“Art is nothing but the light of nature” Goethe

Hans Kotter is an expert when
it comes to colours and light... Devising his own experimental set- ups, he devoted himself to a study of light and its segmentation into colour spectra. The visualisation and aesthetic staging of light refraction, and colour compositions of great virtuosity have been part of Kotter’s basis repertoire of works since then:

“There is no other element with such a lasting impact on life on
our planet as light. Light fascinates me in a huge variety of ways and

I have investigated the medium of light, with its composition, physical contexts, colours, perception and cultural history for many years. The experiences and insights resulting from this investigation are later implemented in my works.”

It is the playful treatment of a wide range of materials such as
oil, water, acrylic glass, stainless steel, chrome etc. and their effects in relation to light and colour

which fascinates Hans Kotter and inspires him to try out new forms
of expression continually. This diversity in the handling of materials is revealed in his works’ great power of expression and variety.

The series of works colour codes is evidence of this approach: colour codes are light objects, the vertical coloured structure of which illuminates ever fresh combinations of colours with endless variety. At first glance, these photographic collages, which are reminiscent of barcodes, create an effect using minimal aesthetics, unfolding a diverse play of colour on the basis of LED lighting technology. A large

number of optical and aesthetic impulses are created by changes
in coloration; the codes appear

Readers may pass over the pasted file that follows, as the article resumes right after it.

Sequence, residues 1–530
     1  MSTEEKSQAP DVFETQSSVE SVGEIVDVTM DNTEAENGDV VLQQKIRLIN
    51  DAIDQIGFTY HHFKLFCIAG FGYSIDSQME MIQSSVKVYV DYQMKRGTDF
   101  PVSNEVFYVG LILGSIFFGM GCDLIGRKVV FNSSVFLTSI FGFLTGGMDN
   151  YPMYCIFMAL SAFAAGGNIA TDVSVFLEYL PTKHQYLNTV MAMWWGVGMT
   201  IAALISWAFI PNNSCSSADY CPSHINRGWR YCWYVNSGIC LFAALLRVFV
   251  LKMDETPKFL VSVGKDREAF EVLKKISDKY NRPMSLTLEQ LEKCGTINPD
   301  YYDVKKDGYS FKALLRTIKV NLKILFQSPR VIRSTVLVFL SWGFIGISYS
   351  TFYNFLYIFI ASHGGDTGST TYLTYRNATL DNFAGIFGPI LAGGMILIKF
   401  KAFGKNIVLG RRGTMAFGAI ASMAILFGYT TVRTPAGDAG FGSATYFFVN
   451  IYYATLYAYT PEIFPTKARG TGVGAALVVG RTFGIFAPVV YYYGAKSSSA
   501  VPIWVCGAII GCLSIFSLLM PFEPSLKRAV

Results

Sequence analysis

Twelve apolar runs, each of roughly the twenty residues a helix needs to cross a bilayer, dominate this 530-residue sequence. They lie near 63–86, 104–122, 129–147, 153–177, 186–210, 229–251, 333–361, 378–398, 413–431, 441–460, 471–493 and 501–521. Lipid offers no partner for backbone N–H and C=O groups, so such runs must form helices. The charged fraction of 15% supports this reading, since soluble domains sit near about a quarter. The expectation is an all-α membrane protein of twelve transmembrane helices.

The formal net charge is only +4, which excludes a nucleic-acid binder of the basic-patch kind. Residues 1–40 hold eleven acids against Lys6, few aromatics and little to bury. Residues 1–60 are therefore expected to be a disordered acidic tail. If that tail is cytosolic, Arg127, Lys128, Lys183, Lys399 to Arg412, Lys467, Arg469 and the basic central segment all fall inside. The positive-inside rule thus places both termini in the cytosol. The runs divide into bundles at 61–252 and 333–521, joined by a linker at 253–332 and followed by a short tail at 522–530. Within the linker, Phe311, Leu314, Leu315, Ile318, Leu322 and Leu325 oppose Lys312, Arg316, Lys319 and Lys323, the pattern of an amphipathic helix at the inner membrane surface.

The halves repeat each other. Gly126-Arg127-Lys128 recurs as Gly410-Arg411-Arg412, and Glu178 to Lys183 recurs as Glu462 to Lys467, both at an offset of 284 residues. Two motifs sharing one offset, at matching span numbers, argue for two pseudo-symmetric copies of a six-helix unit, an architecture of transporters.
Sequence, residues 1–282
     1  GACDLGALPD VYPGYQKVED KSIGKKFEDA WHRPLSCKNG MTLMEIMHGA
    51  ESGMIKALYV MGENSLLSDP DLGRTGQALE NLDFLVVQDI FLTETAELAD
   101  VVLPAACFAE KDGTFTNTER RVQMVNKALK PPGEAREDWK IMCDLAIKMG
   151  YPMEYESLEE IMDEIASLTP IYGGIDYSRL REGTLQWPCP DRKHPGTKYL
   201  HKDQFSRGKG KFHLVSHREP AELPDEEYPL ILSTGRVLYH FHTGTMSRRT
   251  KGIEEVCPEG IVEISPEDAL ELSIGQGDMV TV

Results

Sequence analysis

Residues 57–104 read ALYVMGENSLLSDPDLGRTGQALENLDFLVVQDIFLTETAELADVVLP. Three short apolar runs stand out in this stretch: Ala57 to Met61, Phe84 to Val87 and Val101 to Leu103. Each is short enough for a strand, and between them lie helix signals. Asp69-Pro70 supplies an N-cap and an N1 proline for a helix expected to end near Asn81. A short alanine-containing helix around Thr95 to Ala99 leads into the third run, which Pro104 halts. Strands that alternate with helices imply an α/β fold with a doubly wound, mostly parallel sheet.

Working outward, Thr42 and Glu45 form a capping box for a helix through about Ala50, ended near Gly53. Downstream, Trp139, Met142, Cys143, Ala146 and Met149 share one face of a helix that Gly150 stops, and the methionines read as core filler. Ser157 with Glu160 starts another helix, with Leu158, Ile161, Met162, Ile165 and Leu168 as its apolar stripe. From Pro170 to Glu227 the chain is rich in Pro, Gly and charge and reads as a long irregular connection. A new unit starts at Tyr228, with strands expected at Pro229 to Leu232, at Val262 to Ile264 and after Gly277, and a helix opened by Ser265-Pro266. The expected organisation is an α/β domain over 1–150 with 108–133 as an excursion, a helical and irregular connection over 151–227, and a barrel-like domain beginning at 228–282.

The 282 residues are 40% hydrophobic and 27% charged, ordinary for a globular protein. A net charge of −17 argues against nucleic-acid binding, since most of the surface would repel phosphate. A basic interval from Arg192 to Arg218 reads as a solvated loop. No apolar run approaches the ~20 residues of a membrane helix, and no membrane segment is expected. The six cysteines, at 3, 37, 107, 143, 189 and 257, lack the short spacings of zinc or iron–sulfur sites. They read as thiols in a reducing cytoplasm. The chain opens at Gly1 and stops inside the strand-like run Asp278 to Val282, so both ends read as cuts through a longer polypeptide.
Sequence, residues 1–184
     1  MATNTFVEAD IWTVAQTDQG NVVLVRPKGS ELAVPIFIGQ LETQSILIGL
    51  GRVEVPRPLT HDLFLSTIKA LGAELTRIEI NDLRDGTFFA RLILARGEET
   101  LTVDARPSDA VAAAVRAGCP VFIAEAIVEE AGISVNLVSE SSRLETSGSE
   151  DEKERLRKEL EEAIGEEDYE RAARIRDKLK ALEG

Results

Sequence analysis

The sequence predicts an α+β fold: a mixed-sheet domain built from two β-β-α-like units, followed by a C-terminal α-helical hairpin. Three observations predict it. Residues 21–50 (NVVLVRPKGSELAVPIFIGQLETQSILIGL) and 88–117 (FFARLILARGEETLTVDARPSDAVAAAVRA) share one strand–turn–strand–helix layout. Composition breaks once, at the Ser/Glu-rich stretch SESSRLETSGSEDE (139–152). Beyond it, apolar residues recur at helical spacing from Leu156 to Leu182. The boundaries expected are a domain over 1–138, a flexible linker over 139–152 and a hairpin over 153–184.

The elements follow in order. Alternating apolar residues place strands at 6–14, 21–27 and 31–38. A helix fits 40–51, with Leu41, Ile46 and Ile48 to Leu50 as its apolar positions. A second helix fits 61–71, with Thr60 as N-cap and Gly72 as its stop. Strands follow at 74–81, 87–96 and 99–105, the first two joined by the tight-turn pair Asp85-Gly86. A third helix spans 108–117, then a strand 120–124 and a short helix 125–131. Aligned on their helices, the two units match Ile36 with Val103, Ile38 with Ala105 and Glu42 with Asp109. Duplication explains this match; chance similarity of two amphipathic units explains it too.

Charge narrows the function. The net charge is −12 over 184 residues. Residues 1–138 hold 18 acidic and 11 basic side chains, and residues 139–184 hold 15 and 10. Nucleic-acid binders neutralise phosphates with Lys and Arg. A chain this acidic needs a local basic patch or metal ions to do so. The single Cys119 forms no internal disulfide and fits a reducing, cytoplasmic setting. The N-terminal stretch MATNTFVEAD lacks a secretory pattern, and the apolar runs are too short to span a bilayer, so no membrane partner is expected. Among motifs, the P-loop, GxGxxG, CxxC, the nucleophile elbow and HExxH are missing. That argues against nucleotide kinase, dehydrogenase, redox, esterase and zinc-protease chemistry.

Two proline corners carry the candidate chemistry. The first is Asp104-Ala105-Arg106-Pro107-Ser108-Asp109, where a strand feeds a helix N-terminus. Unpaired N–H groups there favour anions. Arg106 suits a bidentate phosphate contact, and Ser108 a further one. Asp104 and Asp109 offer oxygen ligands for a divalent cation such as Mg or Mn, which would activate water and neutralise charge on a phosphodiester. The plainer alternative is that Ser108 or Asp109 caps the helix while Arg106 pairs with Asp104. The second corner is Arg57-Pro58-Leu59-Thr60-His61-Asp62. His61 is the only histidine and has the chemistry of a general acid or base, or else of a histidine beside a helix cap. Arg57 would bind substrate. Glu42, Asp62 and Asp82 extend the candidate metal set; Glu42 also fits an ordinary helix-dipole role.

to be moving slowly due to the changing colour spectra. Even
the surrounding wall space and
the room itself cannot remain unaffected by this choreography of light and colour.

In his latest works, the so-called “Tunnels”, Hans Kotter is concerned

with an illusion of space: in newly developed light objects consisting of filigree, reflecting glass volumes that generate a special aura of
their own due to their superior material quality and precision, the approaching viewer is compelled by a mysterious and forceful attraction, which gradually develops into a deep rapture. As if by magic, the reflecting surfaces of the light object are transformed – when the source of light at the object’s centre is switched on – into an enchanting tunnel of colours, the end of which is unforeseeable, and which – as in Alice in Wonderland – offers us apparently infinite freedom to develop our fantasies and imagination.

The tunnel pointing into infinity, whether curving or straight, is
a phenomenon that appears so realistic one would like to extend one’s hand into it; one is overcome by an irresistible attraction. But it is a game with illusion, with the apparently endless, constantly surprising and astonishing ways to stage light and colour artistically.